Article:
New data obtained by WOWT 6 News shows more out-of-state drivers are given tickets than Nebraskans since Colorado relaxed its marijuana laws the first of the year.
Omaha, NE–On Wednesday, WOWT 6 News asked drug attorney, Omaha’s own Daniel Stockmann, to comment on the recent targeting of out-of-state drivers by law enforcement, which has increased dramatically since the legalization and decriminalization of marijuana by Nebraska’s neighboring states. Stockmann, who has provided expert legal defense for the past 15 years and who has been nationally acknowledged as one of the state’s premiere lawyers, recognized the potential severity of the problem early on and turned his practice almost completely over to protecting the rights of those charged with drug related offenses, particularly those that took place on Interstate 80.
“I think it’s hard to get through Nebraska with out-of-state plates without getting a look from law enforcement,” he told reporters.
Stockmann readily admitted that many of those pulled over were 20-something male college students looking to bring back to campus to sell, but did not hesitate to point out that the majority of drivers who fall victim to overzealous law enforcement are just recreational users with a very small quantity on hand, or the severely ill who have a doctor’s prescription and need the plant for medicinal reasons.
“The conflict of law problems we’re having between Colorado and Nebraska is really highlighted when you talk about the medical marijuana client, such as the Coloradan with Crohn’s Disease who has a prescription for it and brings it back east to visit relatives are friends,” explained Stockmann. “She thinks she’s doing nothing wrong, like bringing Oxycontin or Hydrocodone with her like we would if we had a valid prescription. Only it’s illegal here.”
But the harassment enacted by law enforcement reaches much further than marijuana users and those bearing a Colorado license plate (i.e. “The Green Badge of Courage”) which totaled a staggering average of 16% of drug violation tickets issued to out-of-state drivers. A recent study found that for the first 6-months of 2015, 56% of the citations issued by troopers for possession and sale of drugs went to those with out-of-state licenses, a sharp increase from 2014’s numbers, in which out-of-state drivers accounted for 49% of drug stations.
“That’s why I changed my focus to that,” said Stockman. “We’re talking Wisconsin, Minnesota, Iowa, Tennessee, Pennsylvania, New York, Indiana, New Jersey, Connecticut, Oklahoma, Georgia.”
In his time working criminal defense, Stockmann has also unveiled many frivolous and unconstitutional tactics used by Nebraskan law enforcement when combing the interstate. Police will find any reason to pull over a vehicle: a missing taillight, speeding, running a stop light, or any other minor traffic violation. This abuse of power was illustrated perfectly in the article when a Wisconsin man gave his account of police rummaging through his truck and trailer for hours, even calling out the drug dogs, all because he pulled off the interstate and parked on the base of an entrance ramp to walk his puppy.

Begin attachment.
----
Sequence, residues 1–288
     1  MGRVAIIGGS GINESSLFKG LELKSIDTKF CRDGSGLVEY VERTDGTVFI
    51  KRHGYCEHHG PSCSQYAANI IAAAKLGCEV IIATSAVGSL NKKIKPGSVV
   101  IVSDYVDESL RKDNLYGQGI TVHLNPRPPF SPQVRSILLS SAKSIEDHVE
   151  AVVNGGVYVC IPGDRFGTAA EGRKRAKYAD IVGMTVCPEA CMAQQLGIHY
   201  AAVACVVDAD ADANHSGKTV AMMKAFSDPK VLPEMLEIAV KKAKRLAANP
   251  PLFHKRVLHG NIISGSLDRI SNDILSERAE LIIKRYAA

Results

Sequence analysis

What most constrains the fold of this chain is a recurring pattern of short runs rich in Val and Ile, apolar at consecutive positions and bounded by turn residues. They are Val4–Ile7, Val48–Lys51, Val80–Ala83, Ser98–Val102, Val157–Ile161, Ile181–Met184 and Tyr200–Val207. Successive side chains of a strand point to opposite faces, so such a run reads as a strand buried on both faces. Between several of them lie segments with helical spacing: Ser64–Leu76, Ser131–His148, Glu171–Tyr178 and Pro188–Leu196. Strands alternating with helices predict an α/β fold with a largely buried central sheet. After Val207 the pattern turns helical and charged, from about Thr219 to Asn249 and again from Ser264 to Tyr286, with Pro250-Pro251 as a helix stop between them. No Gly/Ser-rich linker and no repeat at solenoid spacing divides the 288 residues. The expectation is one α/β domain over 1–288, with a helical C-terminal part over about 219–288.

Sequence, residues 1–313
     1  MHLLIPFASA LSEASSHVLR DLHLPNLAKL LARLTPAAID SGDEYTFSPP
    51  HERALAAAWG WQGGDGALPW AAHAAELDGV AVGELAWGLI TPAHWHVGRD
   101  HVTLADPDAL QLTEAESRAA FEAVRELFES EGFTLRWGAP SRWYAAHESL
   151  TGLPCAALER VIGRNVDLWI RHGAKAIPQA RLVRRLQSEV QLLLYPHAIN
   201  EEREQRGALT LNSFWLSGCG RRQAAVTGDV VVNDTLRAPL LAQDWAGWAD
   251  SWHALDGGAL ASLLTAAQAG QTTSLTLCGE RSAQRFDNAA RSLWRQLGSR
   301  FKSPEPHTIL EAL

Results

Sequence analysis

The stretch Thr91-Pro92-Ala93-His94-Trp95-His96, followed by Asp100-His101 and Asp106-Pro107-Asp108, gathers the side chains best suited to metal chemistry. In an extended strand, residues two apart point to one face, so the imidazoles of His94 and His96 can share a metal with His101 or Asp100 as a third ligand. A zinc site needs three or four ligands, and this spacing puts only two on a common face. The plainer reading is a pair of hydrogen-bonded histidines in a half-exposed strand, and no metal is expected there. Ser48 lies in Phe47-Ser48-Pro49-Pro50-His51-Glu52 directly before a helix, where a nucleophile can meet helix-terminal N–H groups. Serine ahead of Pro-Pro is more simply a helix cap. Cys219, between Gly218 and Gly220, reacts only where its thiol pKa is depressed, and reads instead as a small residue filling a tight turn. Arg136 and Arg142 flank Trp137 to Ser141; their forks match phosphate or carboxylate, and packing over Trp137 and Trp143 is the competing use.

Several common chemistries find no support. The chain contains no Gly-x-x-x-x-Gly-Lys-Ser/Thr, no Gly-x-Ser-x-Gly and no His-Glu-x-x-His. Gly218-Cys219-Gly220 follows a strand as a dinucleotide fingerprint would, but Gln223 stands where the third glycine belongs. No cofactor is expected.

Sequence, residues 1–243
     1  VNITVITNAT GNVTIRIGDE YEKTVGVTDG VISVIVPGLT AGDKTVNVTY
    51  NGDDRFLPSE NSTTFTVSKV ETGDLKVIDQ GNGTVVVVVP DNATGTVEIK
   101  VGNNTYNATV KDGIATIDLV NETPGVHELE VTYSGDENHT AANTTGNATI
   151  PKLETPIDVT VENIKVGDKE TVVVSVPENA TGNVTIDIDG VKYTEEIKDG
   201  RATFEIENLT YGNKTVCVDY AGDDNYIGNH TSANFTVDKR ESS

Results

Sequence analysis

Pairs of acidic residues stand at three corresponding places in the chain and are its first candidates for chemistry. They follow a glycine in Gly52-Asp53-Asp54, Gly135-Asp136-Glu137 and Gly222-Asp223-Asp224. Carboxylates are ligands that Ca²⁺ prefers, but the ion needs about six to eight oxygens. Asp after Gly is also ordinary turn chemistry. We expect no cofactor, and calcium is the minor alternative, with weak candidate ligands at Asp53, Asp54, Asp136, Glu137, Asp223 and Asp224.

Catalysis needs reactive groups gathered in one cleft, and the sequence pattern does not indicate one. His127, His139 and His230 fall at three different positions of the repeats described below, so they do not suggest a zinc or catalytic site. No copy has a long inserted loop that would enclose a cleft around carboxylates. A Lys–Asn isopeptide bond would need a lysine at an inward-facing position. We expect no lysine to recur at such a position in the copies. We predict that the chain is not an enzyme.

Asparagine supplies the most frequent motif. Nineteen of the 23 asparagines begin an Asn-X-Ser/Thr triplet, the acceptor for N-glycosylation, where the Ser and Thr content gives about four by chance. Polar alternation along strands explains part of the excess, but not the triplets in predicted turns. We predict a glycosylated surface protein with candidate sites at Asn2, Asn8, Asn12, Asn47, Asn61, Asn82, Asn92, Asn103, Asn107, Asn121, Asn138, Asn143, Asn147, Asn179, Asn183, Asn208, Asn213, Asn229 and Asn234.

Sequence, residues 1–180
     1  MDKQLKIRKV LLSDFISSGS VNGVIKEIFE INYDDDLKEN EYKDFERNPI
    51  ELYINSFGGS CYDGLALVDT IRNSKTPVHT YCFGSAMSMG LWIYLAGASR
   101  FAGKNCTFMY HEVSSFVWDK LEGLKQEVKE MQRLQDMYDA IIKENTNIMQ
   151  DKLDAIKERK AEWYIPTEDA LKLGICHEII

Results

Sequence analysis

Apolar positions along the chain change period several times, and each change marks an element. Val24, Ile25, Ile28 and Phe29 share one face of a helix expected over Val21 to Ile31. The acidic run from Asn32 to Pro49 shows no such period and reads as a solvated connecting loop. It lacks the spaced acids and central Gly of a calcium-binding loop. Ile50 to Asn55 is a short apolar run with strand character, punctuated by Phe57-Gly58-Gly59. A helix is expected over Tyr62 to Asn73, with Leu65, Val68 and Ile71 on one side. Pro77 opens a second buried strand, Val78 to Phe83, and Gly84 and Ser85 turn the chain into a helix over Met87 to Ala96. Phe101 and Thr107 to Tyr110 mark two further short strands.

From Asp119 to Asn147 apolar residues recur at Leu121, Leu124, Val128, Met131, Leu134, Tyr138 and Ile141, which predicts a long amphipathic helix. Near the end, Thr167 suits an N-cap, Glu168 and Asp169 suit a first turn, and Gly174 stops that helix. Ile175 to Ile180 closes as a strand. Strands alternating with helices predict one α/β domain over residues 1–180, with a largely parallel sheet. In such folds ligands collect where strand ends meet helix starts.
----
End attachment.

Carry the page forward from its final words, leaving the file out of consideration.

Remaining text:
Stockmann warns drivers to be aware of the stepped up police presence and drug checkpoint stops—especially in Hamilton County, Buffalo County and Holt County; although a stop may occur anywhere along I-80 or I-29 (the so-called “drug pipeline,” as police call it). If you are pulled over by the police and they do not arrest you for an offense, Stockmann advises that you do not have to answer all of their questions or consent to a search. The police need probable cause or a warrant to search your vehicle. Additionally, if the officer does not indicate you are in custody, politely inform them that you need to leave.
This top attorney calls for some restraint among law enforcement officials to not to pull a vehicle over merely because they have out-of-state license plates, or because of unconstitutional profiling practices. Stockmann believes that it is not only in the best interest of the citizens of Nebraska and their neighboring states, but also for Nebraska’s law enforcement departments with their small counties, modest budgets, and court systems that continue to clog at taxpayers’ expense.
If the evidence against you as a result of traffic stops on I-80 in Nebraska is overwhelming, you need to find a skilled drug attorney. Omaha, NE has a lot of options when it comes to legal representation, but attorney Dan Stockmann truly understands what it takes to successfully fight a drug possession case because he’s had over 15 years’ experience specialization in the field of drug defense. Fighting the case will mean meticulously scrutinizing investigation on Stockmann Law’s part, but unlike other lawyers who say they prepare for trial, they actually do and win because of it.